1912 Blackburn Monoplane (oz4772)
About this Plan
Blackburn Monoplane. Free flight scale model.
Quote: "IN THE December 1951, Aeromodeller George Cull described the 1912 Blackburn Monoplane and captioned: will surely make the flying scale modellers reach for their drawing boards. I did! Eighteen months of development have produced this exact scalemodel - not for the piano top - but for safe scale-type flight. Thanks to the low wing loading, auto rudder, generous tail area and the 1947 Amco .87 up front, this has been achieved.
Dihedral, airfoil sections, wing and tail areas are scale. In the interest of flyability a number of rigging wires have been omitted and a peculiar tail trimming device incorporated. Although rather unconventional, this latter arrangement works perfectly and is very robust.
The prop diameter is slightly below scale size. With an eleven inch scale prop the little Amco would only run when the needle valve and compression screw were removed! The model is always ROG'd and never pushed. Hard-bitten power duration men stand and gape when, with the Amco gently misfiring, auto rudder wagging and the intrepid aviator's scarf blowing in the slip stream, the Blackburn rolls forward. A 35-40 ft take-off run is followed by a gentle right hand climb to a 30 ft ceiling. For an unknown reason, probably connected with auto-ruddery and pendulum inertia, the normal wide circle flight pattern is sometimes enlivened with a figure of eight. The tank has a 12 minutes flight capacity - so old 'hat-on-backwards' has got some hours in.
Low air-speed, about 7 mph flat out, and light weight reduce the chance of serious damage. It is, however, essentially a calm weather job - as also is the prototype which cavorts regularly at the aeronautical garden party. And there's a point there, for if your club is one of those publicity minded co-operative groups that are constantly asked for demonstrations at local affairs, the Blackburn is a certain crowd-puller.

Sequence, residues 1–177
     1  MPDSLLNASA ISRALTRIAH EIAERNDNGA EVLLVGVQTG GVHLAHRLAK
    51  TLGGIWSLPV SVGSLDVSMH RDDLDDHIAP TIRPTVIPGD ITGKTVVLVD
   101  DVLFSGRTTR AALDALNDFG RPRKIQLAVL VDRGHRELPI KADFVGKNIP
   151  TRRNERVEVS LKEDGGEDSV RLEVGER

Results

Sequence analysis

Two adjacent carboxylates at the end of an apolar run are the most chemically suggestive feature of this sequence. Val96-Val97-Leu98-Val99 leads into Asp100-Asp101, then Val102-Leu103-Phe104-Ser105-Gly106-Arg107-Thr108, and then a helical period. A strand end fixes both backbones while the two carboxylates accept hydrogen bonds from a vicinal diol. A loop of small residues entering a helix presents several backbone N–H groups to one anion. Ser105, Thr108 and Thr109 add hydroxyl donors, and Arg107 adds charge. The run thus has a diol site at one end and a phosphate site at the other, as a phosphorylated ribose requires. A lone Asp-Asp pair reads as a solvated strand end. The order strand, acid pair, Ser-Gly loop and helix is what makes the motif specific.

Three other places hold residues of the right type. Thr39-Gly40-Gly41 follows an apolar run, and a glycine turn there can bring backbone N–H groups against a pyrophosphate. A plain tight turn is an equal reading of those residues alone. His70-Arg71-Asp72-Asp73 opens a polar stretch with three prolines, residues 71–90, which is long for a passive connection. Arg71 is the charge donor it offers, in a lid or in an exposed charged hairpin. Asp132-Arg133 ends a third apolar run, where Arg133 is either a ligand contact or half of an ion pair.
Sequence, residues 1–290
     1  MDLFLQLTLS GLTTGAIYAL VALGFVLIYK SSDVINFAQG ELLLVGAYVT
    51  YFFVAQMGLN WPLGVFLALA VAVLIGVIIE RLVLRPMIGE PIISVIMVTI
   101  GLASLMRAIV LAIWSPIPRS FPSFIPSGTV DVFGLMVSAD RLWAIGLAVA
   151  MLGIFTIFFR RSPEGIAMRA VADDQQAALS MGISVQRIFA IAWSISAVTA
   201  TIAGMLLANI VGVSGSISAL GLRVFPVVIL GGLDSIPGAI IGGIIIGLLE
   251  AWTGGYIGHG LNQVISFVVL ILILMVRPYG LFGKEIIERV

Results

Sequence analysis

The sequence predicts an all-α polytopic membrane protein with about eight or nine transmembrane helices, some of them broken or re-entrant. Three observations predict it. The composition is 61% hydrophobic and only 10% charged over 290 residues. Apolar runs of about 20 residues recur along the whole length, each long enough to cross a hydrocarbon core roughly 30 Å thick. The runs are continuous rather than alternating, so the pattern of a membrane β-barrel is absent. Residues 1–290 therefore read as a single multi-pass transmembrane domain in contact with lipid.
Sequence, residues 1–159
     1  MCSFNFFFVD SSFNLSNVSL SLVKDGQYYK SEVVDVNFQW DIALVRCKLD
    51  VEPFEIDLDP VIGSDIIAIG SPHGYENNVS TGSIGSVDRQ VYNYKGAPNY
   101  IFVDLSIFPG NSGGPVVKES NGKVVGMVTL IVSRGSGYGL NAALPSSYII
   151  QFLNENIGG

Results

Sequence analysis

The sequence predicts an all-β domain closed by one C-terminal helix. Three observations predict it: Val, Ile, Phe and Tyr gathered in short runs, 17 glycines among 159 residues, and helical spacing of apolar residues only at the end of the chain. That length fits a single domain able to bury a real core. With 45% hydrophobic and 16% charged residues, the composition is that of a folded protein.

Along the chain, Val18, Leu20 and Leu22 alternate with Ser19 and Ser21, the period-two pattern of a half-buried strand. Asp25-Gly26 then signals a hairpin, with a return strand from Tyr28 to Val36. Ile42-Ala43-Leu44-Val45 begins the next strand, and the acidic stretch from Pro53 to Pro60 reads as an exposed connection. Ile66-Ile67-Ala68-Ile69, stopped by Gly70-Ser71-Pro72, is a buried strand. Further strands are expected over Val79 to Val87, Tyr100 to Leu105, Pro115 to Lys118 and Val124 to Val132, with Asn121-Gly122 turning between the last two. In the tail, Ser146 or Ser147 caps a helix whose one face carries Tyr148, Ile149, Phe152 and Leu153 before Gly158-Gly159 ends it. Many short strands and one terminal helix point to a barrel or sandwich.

Full building instructions are included on every copy of the full-size APS plan; but to whet the appetite, the rather novel trimming system makes interesting reading.
The model is best trimmed under power on a calm evening. Add ballast inside the cowling to bring centre of gravity to position indicated on plan. Pack leading edge of tail to give approximately 3 degrees positive incidence. With as much down-thrust as possible, attempt an ROG on full revs. Walk beside the model. It will probably rumble forward tail up and remain on the ground. Remove downthrust in very small doses until the model comes unstuck after 30 feet and stays airborne. If it climbs steeply, lay it by the heels and put on more downthrust. Don't worry about turn. The rudder takes care of that. No other trimming for glide was required on the original; but if necessary the centre of gravity can be moved slightly and the tail set at zero."
Update 15/06/2016: article page, text & pics added, thanks to RFJ.
Update 26/09/2018: Replaced this plan with a clearer copy thanks to DBHL, theshadow.
Scan from DBHL, cleanup by theshadow.
Direct submission to Outerzone.
Supplementary file notes
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1912 Blackburn Monoplane
by AM Finucane
from Aeromodeller (ref:567)
Scale IC F/F Civil
all formers complete :)
got article :)
Found online 21/08/2013 at:
Format: • PDFbitmap
Credit*: BrianCox, DBHL, theshadow
Blackburn_Type_D | help
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ScaleType: This (oz4772) is a scale plan. Where possible we link scale plans to Wikipedia, using a text string called ScaleType.
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User commentsI have been working on a cad version of the 1912 Blackburn for about 4 weeks now. There is something wrong with the plan view. The upper aft formers are all wrong but the 2 ends and they all mach the aft longerons in width. All of the bottom formers forward do not match the longerons in width by as much as a quarter inch. 3D cad is showing these mismatches.
rchopper56 - 12/03/2018
Only former F8 is notched. Stringers lie on top of the rest. Could that be the answer?
Karsten - 23/04/2018
In order to have a clean appearance of tissue covered fuselage and avoid shrinkles at the cross point of stringer and notched formers. So only the first is notched to give the correct starting position. In fuselage with all notched formers you have to sand a scallop between the notches after stringers are glued to make the cross point invisible.
Pit - 23/04/2018
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